Five trends that will drive Qatar’s real estate sector in 2022

28 February 2022 4 min. read

New research by PwC has uncovered the main trends that are set to drive growth in Qatar’s real estate sector in 2022 and beyond. The report’s authors – Kamal Fayed, Martin Berlin, Mohammad Homoud, Lama Zammo and Hafsa Nadeem – walk through the top five drivers and their expected impacts.

Covid-19 pandemic

The Covid 19 pandemic has led to disruption across industries globally and regionally. Yet despite the headwinds caused by the restrictions and travel embargoes imposed to control the outbreak, Qatar has demonstrated remarkable resilience.

The post-corona landscape will necessitate that industries calibrate and re-adjust their strategies more frequently than ever before in order to keep up with the changes in today’s business landscape. The rise of e-commerce and remote working have changed what was once considered the ‘norm’ in the real estate industry. The increased adoption of hybrid work styles is expected to reshape workspaces.

Kamal Fayed, Martin Berlin, Mohammad Homoud, Lama Zammo and Hafsa Nadeem

FIFA 2022 World Cup

A positive outlook for the real estate industry is particularly supported by the FIFA 2022 World Cup, taking place from November 21 to December 18.

The World Cup, which is expected to draw hundreds of thousands of spectators from around the world, has been at the heart of Qatar’s economic plans and served as a source of optimism during the downturn. Amid a raging pandemic and political tensions, the event remained a source of hope for the public as well as the economic decision-makers.

Overall, with an expected influx of tourists into the country, hotel occupancy rates and revenue per available room (RevPAR) are expected to increase, boosting the hospitality sector.

The World Cup is not only an auspicious strategic instrument as a stand-alone occasion, but also an invaluable growth driver for a thriving economy beyond 2022 and an integral part of Qatar National Vision 2030. The tournament will support Qatar in achieving long-term urban development and economic diversification goals and strengthen its appeal as an investment destination.


Qatar and nations in the world are increasingly focusing on tourism. Following a sharp drop in revenue per available room in 2016, Qatar shifted focus to diversifying its economy through development of local attractions such as the Qatar National Museum. Further, visa-free entry was granted to nationals from 88 countries, contributing to Qatar’s image as one of the world’s most open countries.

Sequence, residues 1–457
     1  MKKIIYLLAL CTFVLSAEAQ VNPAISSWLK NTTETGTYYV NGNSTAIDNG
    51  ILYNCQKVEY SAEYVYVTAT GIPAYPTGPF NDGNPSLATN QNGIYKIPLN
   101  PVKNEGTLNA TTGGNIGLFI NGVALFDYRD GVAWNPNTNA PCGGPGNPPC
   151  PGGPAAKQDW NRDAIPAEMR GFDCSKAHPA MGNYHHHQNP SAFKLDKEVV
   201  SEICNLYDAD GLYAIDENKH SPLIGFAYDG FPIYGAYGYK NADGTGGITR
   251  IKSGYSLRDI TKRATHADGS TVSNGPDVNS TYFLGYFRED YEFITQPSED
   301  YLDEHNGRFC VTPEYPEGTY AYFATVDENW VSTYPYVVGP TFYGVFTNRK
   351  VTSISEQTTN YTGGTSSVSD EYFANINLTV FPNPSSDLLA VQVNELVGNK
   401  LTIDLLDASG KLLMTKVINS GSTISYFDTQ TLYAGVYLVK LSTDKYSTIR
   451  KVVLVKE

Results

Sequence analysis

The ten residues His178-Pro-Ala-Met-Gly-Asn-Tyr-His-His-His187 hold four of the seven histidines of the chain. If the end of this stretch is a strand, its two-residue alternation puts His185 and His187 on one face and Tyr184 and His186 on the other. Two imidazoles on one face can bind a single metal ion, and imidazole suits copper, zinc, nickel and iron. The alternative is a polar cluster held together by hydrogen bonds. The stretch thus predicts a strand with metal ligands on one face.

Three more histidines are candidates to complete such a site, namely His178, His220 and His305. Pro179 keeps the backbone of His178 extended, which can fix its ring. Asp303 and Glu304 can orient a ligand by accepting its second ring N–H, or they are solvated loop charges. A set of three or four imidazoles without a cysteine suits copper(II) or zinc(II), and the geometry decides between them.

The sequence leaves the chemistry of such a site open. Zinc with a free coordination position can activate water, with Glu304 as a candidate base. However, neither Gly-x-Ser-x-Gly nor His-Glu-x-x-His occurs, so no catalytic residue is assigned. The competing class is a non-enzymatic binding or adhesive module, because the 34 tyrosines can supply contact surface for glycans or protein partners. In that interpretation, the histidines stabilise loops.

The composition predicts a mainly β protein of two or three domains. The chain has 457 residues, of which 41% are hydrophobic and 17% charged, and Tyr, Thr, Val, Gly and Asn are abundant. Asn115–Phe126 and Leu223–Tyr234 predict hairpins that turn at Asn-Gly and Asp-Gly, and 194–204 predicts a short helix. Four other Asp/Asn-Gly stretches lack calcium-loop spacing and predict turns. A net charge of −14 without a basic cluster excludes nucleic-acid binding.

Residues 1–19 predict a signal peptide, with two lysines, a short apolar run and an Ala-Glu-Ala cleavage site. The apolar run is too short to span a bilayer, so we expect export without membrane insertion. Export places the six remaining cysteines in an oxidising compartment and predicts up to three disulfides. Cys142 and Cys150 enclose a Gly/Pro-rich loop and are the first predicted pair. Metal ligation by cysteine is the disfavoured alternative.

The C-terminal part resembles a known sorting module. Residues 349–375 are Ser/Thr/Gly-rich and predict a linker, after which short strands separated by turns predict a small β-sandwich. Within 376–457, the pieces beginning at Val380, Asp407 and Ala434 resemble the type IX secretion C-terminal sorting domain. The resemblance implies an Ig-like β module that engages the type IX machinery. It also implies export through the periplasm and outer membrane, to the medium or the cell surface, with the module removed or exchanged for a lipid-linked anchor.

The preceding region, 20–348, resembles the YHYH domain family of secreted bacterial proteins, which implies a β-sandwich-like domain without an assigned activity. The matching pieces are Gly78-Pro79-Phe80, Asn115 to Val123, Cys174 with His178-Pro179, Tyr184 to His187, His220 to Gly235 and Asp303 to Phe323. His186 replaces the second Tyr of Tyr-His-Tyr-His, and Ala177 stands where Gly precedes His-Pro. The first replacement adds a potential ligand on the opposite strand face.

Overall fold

Three key indicators of the health of the tourism industry ‒ occupancy rates, average room revenue and revenue per available room ‒ all improved between H1 2020 and H1 2021, respectively gaining 7%, 16% and 24%.

With the World Cup ahead and ties with neighboring countries restored, arrivals are set to surge.


Qatar’s real estate industry is on track to reduce its carbon footprint and pave the way for a greener future. Three of the country’s recent major projects ‒ the Doha Metro, Msheireb Downtown and Lusail City ‒ incorporated Qatar’s sustainability agenda into the core of their development plans, as evidenced by their emphasis on renewable energy solutions such as on-site energy generation, LED lighting systems and carbon dioxide monitors.

Qatar’s commitment to sustainability is also reflected in World Cup preparations. FIFA’s 2022 stadiums are on track to receive at least a 4-star GSAS rating (Global Sustainability Assessment System) in categories such as design, construction, energy and water usage.

Further reading: Businesses are upping sustainability expectations of landlords.

Property technology

Property technology (PropTech) is an important tool that can complement Qatar’s vision of sustainability through real estate and accelerate the growth of the industry. It is a domain that should be explored further. The real estate industry has a long history of being resistant to digital disruption but such an approach is outdated in an era when agility has become a key competency for industries around the world.

PropTech’s potential penetration into the real estate market is exemplified by big data, which can provide insights that inform policymaking and project planning, while also improving the performance of internal building systems such as electrical infrastructure; artificial intelligence, which can more accurately predict pricing trends; and virtual reality, through which potential buyers could receive an immersive tour of a property even before construction begins.